I misunderstood that part.

Best,
Marcel



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Eliot Miranda
2015-01-16 16:33:55 UTC
Permalink
Post by Marcel Taeumel
Ah, I just thought of an array as being some contiguous memory area. Mea
That's exactly what it is. I've made a fool if myself replying to email b4 I've properly woken up :-/
Post by Marcel Taeumel
@ Levente: Thanks for the implementation of LinkedDictionary! Now I see,
what you meant. The links are still an addition to the array of Dictionary.
I misunderstood that part.
Best,
Marcel
--
View this message in context: http://forum.world.st/The-Trunk-Collections-mt-593-mcz-tp4799750p4799945.html
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Chris Muller
2015-01-16 18:41:55 UTC
Permalink
Post by Eliot Miranda
I presume that for someone approaching the system given only a textual description of object structures, through class comments and method source it is difficult to develop a good picture or mental model. For me, I read the blue book first, which is replete with pictures.
I like to envision the physical model in my mind. I look at the class
definitions to identify the object links (for pointer objects) and
then the methods which modifies those vars.

Once I have that picture of the physical model in my head, I then in
my mind think about that shape model with each node "suited up" with
its behaviors. Knowing their underlying links to other objects even
helps me evaluate the consistency and nuance of the API).
Post by Eliot Miranda
I know that historically visual inspector frameworks such as Jun have been able to auto-generate pictorial representations of specific object graphs. I wonder how useful it would be to provide support for designers to include pictorial representations in class comments.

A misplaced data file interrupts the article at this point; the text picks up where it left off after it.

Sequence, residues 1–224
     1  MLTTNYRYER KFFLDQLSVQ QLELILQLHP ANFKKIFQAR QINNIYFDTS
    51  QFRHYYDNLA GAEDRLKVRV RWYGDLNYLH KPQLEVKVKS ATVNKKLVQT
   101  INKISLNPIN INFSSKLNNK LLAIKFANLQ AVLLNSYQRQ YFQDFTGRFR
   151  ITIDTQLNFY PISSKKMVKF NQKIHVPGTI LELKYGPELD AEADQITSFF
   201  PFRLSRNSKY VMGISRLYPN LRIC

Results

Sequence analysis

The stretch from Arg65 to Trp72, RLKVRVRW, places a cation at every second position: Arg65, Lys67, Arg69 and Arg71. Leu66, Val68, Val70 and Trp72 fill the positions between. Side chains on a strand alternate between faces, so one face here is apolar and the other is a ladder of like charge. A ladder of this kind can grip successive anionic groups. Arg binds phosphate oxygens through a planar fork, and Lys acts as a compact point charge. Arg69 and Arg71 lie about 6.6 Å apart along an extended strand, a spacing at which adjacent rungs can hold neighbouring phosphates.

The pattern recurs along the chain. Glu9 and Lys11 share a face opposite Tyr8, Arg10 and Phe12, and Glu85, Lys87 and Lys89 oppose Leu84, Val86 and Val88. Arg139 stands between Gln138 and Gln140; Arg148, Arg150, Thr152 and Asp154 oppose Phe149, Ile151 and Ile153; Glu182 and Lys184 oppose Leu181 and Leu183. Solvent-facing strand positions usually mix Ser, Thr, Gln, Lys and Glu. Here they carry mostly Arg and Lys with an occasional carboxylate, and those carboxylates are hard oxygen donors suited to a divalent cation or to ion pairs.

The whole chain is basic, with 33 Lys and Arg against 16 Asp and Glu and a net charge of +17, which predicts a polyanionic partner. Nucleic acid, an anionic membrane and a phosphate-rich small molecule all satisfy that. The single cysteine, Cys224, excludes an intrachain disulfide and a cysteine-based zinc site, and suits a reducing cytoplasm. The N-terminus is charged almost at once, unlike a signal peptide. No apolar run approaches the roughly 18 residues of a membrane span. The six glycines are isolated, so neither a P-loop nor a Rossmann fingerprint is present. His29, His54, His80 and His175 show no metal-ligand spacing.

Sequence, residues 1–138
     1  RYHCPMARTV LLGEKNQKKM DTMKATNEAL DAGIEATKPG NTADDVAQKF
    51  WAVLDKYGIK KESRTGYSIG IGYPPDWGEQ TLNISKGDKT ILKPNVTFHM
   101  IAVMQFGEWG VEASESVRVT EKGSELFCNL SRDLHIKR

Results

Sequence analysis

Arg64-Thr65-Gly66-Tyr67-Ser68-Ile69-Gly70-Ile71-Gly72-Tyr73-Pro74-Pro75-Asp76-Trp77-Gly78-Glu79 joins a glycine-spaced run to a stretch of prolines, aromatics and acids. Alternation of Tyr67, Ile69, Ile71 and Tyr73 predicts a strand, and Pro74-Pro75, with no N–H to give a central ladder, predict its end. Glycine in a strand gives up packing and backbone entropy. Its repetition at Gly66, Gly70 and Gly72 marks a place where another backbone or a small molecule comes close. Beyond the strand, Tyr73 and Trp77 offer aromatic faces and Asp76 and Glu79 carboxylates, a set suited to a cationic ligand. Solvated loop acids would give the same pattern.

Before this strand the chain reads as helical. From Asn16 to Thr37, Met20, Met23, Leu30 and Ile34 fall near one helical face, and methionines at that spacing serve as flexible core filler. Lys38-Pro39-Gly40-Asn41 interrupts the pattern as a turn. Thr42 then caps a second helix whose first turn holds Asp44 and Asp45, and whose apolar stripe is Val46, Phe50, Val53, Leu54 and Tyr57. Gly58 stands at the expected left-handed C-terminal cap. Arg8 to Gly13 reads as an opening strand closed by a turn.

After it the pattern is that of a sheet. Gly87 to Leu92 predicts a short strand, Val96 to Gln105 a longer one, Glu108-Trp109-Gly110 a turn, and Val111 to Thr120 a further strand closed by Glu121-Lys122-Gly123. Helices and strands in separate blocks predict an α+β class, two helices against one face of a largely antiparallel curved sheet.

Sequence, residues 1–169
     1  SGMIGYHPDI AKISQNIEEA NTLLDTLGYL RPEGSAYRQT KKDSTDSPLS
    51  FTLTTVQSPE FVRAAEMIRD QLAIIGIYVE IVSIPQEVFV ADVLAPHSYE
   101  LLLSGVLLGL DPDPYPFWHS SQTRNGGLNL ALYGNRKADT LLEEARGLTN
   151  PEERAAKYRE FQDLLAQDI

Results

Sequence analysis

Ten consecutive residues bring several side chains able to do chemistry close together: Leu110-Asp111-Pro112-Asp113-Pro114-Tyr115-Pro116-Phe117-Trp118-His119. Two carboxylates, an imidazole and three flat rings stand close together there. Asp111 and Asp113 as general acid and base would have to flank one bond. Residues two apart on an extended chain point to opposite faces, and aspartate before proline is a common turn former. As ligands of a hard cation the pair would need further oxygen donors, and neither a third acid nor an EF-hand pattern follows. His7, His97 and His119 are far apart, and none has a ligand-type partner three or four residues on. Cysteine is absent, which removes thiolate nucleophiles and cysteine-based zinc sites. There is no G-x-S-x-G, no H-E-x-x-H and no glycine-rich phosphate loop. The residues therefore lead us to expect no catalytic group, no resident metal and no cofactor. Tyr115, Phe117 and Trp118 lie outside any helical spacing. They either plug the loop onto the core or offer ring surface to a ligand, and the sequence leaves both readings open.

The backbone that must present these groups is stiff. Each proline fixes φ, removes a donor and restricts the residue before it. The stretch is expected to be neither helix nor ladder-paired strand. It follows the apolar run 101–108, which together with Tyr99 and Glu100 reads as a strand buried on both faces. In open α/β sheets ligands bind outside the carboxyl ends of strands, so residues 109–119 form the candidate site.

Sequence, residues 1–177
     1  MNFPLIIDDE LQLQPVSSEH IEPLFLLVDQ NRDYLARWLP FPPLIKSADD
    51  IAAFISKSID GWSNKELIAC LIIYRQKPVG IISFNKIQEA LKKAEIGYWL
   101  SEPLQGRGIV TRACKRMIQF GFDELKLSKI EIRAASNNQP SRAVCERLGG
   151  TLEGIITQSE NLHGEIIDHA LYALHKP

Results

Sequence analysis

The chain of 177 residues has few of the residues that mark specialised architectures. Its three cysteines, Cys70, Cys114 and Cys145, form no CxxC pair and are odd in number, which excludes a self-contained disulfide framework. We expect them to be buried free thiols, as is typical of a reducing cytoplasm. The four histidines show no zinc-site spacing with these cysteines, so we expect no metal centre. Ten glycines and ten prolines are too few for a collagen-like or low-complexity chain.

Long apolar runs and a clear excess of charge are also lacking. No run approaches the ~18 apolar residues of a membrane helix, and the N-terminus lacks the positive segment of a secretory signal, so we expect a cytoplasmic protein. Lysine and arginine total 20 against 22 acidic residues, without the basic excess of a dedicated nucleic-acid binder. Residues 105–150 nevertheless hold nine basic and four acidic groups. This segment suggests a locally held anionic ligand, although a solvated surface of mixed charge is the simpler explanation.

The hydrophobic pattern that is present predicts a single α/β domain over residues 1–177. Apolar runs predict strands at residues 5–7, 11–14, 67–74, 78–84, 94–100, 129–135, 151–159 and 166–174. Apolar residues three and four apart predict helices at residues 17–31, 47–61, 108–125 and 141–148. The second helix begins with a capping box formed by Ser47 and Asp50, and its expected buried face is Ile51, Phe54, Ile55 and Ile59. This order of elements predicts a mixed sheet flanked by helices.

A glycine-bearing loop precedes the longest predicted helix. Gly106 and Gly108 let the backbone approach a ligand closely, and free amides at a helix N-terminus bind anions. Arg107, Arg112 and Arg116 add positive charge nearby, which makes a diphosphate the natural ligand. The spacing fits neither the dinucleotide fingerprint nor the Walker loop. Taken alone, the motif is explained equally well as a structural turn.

For years, I have been /totally/ interested in Alexandre's project,
not just to represent in-memory models but large Magma models,
visually. Roassal might struggle to perform with millions of nodes, I
don't know, but I know Craig used Walrus to render a large model.
Unfortunately I just haven't had the time to dig into these projects..
Post by Eliot Miranda
Again I presume that the text model would have to support inclusion of simple bitmaps (to avoid having to include a full drawing framework in the system) and that the designer would construct a sample graph, generate a diagram using a visual inspector framework using eg Jun, render it to a bitmap and include it in the class comment.
Squeak's Text model actually supports the inclusion of any Morph
embedded as a single character. Maui uses that for its "documents" it
actually works very well. Seeing animated, fully-functioning Morphs
as characters in a document is kind'a cool.
Post by Eliot Miranda
A more elaborate system could of course include the sample graph and render it dynamically, that would allow exploration.
Either approach would make an interesting project, yes?
Post by c***@source.squeak.org
Best,
Marcel
--
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Craig Latta
2015-01-16 21:23:58 UTC
Permalink
Hi Chris--
Post by Chris Muller
For years, I have been /totally/ interested in Alexandre's project,